I also like no earthquakes, hurricanes, volcanoes, massive bugs and spiders (ok, dock spiders are pretty scary), venomous snakes, carnivorous reptiles (ok we've got bears), fish that swim up your pee-hole or devour you in a swarm, parasites that give you elephantiasis... the mounds of snow outside actually look a little nicer to me now that I've made this short list
Norma Guy wrote:
I also like no earthquakes, hurricanes, volcanoes, ...
Um... there are a lot of non-tropical places with these three things. And tropical places without them.
Having spent considerable time in the tropics (and lovin' it!), I will say: after a while, you itch all the time. I suppose the reason is random bug bites, not necessarily from bugs you saw (I got redbugs in Venezuela; that was the worst itch ever). And fire ants are ruthless! So far, I have not found an effective solution.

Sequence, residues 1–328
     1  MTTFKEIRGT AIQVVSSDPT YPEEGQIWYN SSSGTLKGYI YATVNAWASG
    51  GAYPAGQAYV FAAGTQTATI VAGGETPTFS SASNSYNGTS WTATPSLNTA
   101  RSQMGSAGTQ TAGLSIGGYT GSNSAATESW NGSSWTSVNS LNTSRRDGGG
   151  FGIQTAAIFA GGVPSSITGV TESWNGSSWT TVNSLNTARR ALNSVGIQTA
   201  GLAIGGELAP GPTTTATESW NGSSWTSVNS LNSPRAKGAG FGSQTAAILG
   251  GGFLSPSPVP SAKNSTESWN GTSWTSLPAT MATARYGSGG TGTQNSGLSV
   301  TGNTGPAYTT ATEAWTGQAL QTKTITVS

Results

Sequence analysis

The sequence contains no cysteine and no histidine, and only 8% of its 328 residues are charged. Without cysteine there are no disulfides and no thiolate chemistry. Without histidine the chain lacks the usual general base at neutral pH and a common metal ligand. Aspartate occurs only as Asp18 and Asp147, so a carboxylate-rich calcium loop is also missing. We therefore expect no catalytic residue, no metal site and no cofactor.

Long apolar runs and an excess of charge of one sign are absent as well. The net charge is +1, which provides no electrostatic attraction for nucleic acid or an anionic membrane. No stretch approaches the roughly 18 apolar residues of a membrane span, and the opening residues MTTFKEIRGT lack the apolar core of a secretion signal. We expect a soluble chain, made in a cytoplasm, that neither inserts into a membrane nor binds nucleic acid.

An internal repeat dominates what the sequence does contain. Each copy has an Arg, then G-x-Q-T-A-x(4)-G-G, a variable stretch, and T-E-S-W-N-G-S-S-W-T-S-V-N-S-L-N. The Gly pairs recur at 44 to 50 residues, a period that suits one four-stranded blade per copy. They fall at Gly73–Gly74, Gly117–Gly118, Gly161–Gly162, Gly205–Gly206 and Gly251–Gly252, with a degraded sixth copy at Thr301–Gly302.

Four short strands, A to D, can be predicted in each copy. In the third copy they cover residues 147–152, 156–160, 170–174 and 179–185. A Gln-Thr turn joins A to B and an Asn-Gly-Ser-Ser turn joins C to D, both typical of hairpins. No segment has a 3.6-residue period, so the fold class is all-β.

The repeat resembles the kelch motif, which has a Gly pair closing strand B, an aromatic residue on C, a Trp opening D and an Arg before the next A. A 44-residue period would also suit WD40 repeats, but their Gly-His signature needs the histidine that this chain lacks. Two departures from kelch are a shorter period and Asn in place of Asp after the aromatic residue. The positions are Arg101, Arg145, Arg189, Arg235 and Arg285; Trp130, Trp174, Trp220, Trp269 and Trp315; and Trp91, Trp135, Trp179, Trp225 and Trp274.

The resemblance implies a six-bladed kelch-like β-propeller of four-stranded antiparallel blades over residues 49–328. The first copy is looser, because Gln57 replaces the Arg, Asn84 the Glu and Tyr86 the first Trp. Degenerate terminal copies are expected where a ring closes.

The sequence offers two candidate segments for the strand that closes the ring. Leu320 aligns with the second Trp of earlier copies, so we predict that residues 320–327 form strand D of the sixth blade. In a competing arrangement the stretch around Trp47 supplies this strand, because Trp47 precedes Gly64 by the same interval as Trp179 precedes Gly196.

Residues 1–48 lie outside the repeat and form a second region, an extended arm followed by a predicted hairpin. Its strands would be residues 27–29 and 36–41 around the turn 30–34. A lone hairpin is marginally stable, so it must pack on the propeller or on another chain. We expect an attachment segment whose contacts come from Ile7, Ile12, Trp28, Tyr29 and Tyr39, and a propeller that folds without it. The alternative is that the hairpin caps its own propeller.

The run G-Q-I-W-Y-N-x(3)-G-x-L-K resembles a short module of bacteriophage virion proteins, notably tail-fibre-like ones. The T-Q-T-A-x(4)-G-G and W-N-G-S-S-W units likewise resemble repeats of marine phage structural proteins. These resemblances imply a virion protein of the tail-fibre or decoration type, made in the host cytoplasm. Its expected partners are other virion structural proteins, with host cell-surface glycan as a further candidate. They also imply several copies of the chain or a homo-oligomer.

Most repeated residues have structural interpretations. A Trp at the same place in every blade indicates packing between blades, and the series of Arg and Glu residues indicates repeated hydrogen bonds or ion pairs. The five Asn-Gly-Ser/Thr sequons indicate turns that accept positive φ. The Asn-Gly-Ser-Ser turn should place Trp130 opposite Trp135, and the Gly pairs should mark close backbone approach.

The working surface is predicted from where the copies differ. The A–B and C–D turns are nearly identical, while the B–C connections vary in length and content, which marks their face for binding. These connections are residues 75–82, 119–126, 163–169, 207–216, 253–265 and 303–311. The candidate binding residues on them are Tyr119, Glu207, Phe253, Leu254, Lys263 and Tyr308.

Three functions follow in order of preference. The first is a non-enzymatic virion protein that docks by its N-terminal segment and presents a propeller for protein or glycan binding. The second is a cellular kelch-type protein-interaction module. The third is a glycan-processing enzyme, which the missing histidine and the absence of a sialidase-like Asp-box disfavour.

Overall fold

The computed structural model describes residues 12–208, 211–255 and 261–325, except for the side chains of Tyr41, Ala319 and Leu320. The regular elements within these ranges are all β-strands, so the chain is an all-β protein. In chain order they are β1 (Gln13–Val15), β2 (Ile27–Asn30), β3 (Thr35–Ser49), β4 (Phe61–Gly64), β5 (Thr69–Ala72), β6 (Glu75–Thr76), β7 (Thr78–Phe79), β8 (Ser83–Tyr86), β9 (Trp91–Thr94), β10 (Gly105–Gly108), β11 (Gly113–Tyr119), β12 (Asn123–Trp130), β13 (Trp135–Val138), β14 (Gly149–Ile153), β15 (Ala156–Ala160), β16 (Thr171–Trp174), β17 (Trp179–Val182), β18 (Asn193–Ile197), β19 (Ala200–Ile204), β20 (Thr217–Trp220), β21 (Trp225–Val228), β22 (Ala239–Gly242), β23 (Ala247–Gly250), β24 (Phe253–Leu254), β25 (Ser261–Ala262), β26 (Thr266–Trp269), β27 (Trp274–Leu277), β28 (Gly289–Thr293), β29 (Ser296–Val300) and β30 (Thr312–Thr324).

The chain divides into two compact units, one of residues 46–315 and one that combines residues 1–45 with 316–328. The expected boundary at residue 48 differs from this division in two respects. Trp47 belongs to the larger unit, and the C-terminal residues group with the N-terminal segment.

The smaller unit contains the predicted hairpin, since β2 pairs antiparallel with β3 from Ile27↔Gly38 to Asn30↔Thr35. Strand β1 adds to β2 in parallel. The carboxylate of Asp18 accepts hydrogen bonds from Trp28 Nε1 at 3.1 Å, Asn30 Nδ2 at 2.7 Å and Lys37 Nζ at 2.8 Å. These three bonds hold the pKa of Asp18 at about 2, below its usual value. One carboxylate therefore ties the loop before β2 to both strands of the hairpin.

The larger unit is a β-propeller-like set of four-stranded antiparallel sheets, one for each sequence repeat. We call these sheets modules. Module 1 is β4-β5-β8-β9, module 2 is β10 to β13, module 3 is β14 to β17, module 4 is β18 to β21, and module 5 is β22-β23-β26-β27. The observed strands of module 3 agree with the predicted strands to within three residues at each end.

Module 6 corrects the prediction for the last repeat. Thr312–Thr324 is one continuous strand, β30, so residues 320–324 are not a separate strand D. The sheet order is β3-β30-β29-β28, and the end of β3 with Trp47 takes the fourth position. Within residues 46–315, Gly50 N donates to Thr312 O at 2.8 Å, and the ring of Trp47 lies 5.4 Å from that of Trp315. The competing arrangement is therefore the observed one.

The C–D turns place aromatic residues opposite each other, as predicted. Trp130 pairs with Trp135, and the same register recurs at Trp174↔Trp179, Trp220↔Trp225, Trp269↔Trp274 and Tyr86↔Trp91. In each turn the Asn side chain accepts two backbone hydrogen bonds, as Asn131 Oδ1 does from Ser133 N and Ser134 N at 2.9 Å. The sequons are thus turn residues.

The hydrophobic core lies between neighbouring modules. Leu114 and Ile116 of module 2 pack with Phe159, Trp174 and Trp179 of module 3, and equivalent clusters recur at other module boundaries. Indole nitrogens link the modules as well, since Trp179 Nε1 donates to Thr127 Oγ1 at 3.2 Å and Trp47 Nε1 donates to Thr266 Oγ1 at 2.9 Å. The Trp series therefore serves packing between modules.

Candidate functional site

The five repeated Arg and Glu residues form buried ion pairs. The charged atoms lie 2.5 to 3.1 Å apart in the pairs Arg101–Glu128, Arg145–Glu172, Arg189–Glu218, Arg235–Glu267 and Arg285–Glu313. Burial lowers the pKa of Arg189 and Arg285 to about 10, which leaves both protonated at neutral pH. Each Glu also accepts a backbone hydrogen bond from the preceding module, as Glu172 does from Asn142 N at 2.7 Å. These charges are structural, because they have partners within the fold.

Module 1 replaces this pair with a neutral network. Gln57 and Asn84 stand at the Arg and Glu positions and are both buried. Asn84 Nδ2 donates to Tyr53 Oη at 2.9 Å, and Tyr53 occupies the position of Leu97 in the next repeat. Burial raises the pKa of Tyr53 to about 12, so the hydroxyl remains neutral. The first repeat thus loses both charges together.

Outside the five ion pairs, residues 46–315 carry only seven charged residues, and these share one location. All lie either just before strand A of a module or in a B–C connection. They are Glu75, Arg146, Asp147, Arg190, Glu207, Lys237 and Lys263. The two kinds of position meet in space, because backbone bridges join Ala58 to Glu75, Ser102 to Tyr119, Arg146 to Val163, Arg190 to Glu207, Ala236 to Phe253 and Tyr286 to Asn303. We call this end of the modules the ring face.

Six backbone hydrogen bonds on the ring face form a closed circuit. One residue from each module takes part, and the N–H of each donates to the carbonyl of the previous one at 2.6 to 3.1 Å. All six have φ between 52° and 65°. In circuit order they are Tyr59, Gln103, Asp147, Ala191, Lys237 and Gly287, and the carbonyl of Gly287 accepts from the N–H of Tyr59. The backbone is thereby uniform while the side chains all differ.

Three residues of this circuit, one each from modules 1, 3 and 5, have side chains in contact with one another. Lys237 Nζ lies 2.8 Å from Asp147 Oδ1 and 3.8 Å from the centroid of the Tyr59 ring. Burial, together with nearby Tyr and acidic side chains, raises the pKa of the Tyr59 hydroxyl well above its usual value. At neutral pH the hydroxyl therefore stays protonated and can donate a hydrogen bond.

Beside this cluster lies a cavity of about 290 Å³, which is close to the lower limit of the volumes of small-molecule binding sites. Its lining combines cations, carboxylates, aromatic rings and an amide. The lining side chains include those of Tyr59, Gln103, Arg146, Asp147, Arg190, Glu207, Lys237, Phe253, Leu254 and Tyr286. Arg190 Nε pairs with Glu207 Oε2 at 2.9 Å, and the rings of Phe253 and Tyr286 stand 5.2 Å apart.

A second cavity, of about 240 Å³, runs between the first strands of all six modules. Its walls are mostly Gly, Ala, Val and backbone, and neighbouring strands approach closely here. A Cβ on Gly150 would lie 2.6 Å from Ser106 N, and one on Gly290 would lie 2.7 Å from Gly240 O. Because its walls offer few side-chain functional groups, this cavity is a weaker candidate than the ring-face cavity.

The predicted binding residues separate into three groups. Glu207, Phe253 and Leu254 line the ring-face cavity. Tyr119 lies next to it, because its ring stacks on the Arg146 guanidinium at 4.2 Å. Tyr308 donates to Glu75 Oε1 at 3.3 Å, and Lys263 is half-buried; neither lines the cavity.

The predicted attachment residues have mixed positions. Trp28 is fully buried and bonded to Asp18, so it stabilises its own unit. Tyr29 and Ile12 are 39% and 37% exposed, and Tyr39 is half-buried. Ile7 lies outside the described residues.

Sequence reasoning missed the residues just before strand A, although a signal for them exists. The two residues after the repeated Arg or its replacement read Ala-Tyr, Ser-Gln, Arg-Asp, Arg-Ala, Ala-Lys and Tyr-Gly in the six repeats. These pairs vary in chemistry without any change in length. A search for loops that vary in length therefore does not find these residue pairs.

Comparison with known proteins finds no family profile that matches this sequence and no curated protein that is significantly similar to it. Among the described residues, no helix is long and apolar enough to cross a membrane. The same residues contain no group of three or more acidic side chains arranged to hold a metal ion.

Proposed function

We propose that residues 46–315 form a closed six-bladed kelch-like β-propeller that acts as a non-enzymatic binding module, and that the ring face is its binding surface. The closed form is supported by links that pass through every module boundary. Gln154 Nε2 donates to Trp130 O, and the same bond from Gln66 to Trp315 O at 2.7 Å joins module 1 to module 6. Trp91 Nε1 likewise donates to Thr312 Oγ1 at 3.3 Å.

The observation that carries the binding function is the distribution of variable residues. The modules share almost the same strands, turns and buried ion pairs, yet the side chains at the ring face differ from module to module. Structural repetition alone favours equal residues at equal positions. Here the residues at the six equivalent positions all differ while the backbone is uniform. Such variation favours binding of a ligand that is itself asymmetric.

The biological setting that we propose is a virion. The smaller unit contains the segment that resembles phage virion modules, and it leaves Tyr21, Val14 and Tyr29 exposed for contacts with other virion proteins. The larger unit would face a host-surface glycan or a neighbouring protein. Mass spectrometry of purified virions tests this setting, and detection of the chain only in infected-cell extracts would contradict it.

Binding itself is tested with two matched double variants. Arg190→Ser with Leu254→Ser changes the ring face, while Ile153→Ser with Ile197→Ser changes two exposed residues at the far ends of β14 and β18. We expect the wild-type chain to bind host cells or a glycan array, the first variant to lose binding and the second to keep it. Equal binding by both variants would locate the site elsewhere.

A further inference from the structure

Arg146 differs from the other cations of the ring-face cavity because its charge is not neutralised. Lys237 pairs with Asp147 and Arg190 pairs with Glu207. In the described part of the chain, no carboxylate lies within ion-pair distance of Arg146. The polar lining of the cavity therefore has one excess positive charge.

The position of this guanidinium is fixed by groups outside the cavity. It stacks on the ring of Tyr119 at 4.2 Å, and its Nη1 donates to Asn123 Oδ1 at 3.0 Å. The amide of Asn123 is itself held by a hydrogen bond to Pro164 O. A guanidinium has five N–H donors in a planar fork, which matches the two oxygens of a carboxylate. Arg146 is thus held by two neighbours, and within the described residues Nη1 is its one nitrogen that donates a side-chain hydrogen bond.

I plan to live in the southern Philippines . I've lived here for four months so far, without any serious sting. We have cobras but I'm not put off by that. There are simple ways to avoid them and you have a lot of time with cobra bites. In Kenya, I disturbed a black mamba. Respiratory arrest in a couple of minutes.
We don't have extreme temperatures, because of being surrounded by water. The highest temperature I have experienced here, is 95 degrees Fahrenheit. I have experienced over 100 degrees a few times in North America . The worst being 114 degrees in the badlands of South Dakota. 104 degrees in kelowna British Columbia Canada.